After an unpredictable high school career, there were no more surprises for Derek Distelrath. Only a signature.
The senior signed his letter of intent to play tennis for Western Michigan University during a ceremony at St. Clair High School on Nov. 12.
“Looking back on it, it was a huge, crazy journey between my freshman year and senior year,” Distelrath said.
That’s an understatement. Although his wild ride with tennis began well before high school.
Originally a three-sport athlete, Distelrath chose to pursue tennis over basketball and baseball when he was 12. But there was one problem. Tennis courts aren’t abundant in St. Clair.
“It’s hard when you get to that level,” said Laura Distelrath, Derek’s mother. “Because you have to make so many sacrifices to drive down to Oakland County to get your hitting.”
That trek wasn’t just once or twice a week. It was every day. Still, at least Oakland County is in Michigan. Many of the tournaments in which Derek played were out of state.
“We would leave on a Thursday or Friday and be gone until Sunday, Monday, sometimes Tuesday,” Laura said. “It didn’t leave a lot of time for sleep and social.”
Ally Kennedy was with the Distelraths on many of those trips. Having grown up next door, she’s known the family since before Derek was born.
Kennedy, who also played tennis at St. Clair, coached Distelrath before matches. One moment sticks out in particular.
“There was a point when he was in the (12-year-old) tournaments and I was helping him and watched him play,” Kennedy said.
That’s when she noticed something.
“I just told him, ‘If you’re at the net and you’re teeing it right back at them, why don’t you angle it off and end the point?'”
Distelrath quickly made the adjustment. It worked.
“After that I was like, ‘Oh (he’s) very coachable, he wants to win,'” Kennedy said. “He really took from off there.”
A few years later, he landed on St. Clair’s varsity team as the lone freshman. Dave Clutts, who coached tennis at the school for 24 years (including Derek’s first two seasons), speaks highly of his former player.
“I knew when Derek was coming on he had really big aspirations to play Division I tennis,” Clutts said at the event held for Derek’s signing. “People don’t realize how mental this sport is. Not only just the matches that you play, but the journey that you take to get where you wanna go.”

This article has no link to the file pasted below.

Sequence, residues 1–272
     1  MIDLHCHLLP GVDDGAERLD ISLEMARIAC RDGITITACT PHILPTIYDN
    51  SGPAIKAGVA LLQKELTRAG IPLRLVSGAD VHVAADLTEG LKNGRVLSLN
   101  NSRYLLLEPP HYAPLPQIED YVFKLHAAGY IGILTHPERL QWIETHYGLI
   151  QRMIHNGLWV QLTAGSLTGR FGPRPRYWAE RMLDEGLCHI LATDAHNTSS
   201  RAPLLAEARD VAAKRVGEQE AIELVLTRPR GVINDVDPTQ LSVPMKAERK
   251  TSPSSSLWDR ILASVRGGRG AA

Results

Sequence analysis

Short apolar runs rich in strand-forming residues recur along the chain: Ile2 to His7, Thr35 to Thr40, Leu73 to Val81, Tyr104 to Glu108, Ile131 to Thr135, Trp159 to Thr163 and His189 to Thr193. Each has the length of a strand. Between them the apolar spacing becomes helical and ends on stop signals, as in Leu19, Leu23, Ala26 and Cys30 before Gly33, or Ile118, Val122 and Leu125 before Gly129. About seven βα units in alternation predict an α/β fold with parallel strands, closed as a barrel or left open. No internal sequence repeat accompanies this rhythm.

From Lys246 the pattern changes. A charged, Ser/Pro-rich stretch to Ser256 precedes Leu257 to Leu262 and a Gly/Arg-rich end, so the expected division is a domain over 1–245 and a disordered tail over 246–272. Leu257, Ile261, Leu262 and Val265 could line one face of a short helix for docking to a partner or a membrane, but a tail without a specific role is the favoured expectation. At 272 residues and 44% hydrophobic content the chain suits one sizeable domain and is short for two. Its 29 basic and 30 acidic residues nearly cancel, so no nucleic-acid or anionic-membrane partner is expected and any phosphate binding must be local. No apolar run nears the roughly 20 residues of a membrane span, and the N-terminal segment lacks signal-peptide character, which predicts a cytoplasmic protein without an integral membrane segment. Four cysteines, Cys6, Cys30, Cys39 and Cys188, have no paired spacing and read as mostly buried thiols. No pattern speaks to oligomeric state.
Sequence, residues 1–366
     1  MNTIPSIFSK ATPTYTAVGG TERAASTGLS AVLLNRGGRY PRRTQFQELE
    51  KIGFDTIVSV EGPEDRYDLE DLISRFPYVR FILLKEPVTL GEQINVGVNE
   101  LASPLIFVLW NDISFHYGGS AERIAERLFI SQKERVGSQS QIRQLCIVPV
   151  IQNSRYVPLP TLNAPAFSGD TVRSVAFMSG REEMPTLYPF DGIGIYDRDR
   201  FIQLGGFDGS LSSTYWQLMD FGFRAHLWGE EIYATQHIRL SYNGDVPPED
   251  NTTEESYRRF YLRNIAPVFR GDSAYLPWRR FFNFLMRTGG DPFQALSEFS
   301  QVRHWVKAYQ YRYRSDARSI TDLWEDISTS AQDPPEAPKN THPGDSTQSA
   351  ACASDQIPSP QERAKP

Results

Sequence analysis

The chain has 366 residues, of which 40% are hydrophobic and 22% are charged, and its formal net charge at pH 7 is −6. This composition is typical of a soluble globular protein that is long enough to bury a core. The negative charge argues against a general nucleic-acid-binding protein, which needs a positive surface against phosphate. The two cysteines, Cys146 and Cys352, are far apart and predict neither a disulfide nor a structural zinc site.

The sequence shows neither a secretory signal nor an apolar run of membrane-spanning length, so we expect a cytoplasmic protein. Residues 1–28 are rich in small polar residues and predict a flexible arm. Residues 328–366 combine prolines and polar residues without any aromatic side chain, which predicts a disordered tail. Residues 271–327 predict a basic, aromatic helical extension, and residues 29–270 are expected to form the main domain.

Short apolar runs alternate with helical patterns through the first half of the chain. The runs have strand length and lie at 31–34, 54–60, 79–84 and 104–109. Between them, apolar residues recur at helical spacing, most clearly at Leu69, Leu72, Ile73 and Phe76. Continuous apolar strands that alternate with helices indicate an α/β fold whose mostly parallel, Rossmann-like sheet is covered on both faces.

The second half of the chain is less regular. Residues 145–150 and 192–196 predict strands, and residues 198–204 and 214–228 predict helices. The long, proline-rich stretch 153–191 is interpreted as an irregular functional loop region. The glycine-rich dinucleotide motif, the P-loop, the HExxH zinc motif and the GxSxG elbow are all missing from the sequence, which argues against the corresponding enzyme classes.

Distelrath’s journey changed dramatically during his sophomore year.
In November 2019, he finished as the runner-up in No. 1 singles at the state finals for Division 3. A few months later, Derek won a USTA Midwest Level 2 tournament on Feb. 17, 2020. That victory earned him a spot in the national tournament.
Then came the coronavirus pandemic.
“When I look back on that, it really changed my whole life,” Distelrath said. “I was playing the best tennis of my life, feeling really good and then everything got shut down.”
The tournament for which he’d spent his entire career preparing was canceled.
“For a kid who’s worked his whole life for that, what do you make of that?,” Laura Distelrath said. “It’s nothing he’s done, but it’s not coming back.”
Tennis clubs closed as well. So Distelrath practiced on outdoor courts in the snow. One day, it started to hail as he played.
“It was the most bizarre tennis experience of my entire life,” he said.
To discourage people from gathering, nets were removed from many public tennis courts (including those at St. Clair High School). Distelrath was even told by a police officer that he’d have to pay a fine if he didn’t leave. So he left.
But unlike the early stages of his career, there was nowhere Distelrath could go. Courts in neighboring counties were off limits as well.
“It really changed everything,” Distelrath said. “It changed the path I was taking.”
“It was hard,” Laura said. “It was kind of like a slow bleed.”
That feeling continued into the summer. Distelrath broke his wrist shortly before his junior season. It was a devastating blow at a crucial time of his career.
“That’s when recruiting matters the most,” his mother said. “And it all went away.”
With the pandemic raging, Distelrath knew he couldn’t visit with any college coaches. Now, he couldn’t even play.
“(He) needed to take a little break from the sport,” Clutts said. “And I think that was the best thing that happened. Derek got refocused, he fell in love with the game again (and) he found passion again.”
Laura Distelrath believes that happened at the Port Huron Tennis House, where he teaches young kids how to play the game.
“Whenever he has a free moment, he’s up at the Tennis House volunteering or coaching,” Laura said. “That’s his place where he’s reminded, ‘OK, this is why I love this game.'”
Distelrath ended his junior season on a high note. He made it to the state semifinals in No. 1 singles. As a senior this year, he finished in the Division 3 semifinals once again.
“I’m tougher because of (the adversity),” Derek said. “I’m where I’m at now, healthier, both physically and mentally, because of it. I’m really proud of myself for that and thankful for everybody that has helped me get through it.”
Where he’s at now remains St. Clair. But he’ll be headed to Kalamazoo in the summer. But this time, he won’t have to drive hundreds of miles or practice in the snow.
“That’s kind of been a rarity in my life,” Distelrath said. “To be able to walk 30 seconds to the courts and go hit with kids where we can push each other to be better. Before it was an hour and a half away to go do that.”
Distelrath was joined by family, friends and teammates as he signed his letter of intent. It was a special moment to commemorate an extraordinary career at St. Clair.
“This is not the pinnacle,” Clutts said. “This is just the beginning of his next chapter.”
Contact Brenden Welper at email@example.com. Follow him on Twitter @BrendenWelper.